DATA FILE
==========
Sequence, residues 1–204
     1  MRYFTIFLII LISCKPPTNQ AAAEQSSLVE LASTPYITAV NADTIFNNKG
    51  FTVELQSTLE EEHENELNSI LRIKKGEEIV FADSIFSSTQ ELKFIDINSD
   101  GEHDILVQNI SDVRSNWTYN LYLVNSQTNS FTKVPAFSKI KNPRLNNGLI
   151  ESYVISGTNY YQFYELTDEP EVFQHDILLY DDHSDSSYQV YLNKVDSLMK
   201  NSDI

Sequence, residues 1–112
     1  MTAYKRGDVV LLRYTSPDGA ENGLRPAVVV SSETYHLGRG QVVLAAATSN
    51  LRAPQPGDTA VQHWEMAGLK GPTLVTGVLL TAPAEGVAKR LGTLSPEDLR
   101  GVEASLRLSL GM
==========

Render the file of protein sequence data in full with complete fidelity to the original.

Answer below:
Sequence, residues 1–204
     1  MRYFTIFLII LISCKPPTNQ AAAEQSSLVE LASTPYITAV NADTIFNNKG
    51  FTVELQSTLE EEHENELNSI LRIKKGEEIV FADSIFSSTQ ELKFIDINSD
   101  GEHDILVQNI SDVRSNWTYN LYLVNSQTNS FTKVPAFSKI KNPRLNNGLI
   151  ESYVISGTNY YQFYELTDEP EVFQHDILLY DDHSDSSYQV YLNKVDSLMK
   201  NSDI

Sequence, residues 1–112
     1  MTAYKRGDVV LLRYTSPDGA ENGLRPAVVV SSETYHLGRG QVVLAAATSN
    51  LRAPQPGDTA VQHWEMAGLK GPTLVTGVLL TAPAEGVAKR LGTLSPEDLR
   101  GVEASLRLSL GM